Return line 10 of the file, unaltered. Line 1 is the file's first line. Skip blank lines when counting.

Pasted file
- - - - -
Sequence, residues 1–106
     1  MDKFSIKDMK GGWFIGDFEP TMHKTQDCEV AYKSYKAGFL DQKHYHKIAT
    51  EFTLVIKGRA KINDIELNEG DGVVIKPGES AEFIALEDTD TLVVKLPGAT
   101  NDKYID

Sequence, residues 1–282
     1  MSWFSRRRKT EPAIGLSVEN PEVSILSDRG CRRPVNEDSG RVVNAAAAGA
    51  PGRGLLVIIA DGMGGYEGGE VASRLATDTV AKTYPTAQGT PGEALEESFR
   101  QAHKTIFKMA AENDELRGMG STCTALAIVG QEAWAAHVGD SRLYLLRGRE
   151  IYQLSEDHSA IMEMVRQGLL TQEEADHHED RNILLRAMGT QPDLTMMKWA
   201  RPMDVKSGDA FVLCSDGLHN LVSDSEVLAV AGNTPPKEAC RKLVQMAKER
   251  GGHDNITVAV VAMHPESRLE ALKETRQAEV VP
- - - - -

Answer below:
   201  RPMDVKSGDA FVLCSDGLHN LVSDSEVLAV AGNTPPKEAC RKLVQMAKER